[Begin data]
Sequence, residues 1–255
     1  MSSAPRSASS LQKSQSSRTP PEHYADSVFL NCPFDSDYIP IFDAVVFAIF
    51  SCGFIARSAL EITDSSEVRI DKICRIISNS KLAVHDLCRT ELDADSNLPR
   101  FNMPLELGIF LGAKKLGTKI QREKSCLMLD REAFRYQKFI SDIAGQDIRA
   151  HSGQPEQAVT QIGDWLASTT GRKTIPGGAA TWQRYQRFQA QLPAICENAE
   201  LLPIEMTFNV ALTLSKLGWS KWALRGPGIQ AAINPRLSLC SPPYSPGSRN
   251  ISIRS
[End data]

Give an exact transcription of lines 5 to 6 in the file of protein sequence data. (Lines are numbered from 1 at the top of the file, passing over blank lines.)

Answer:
   151  HSGQPEQAVT QIGDWLASTT GRKTIPGGAA TWQRYQRFQA QLPAICENAE
   201  LLPIEMTFNV ALTLSKLGWS KWALRGPGIQ AAINPRLSLC SPPYSPGSRN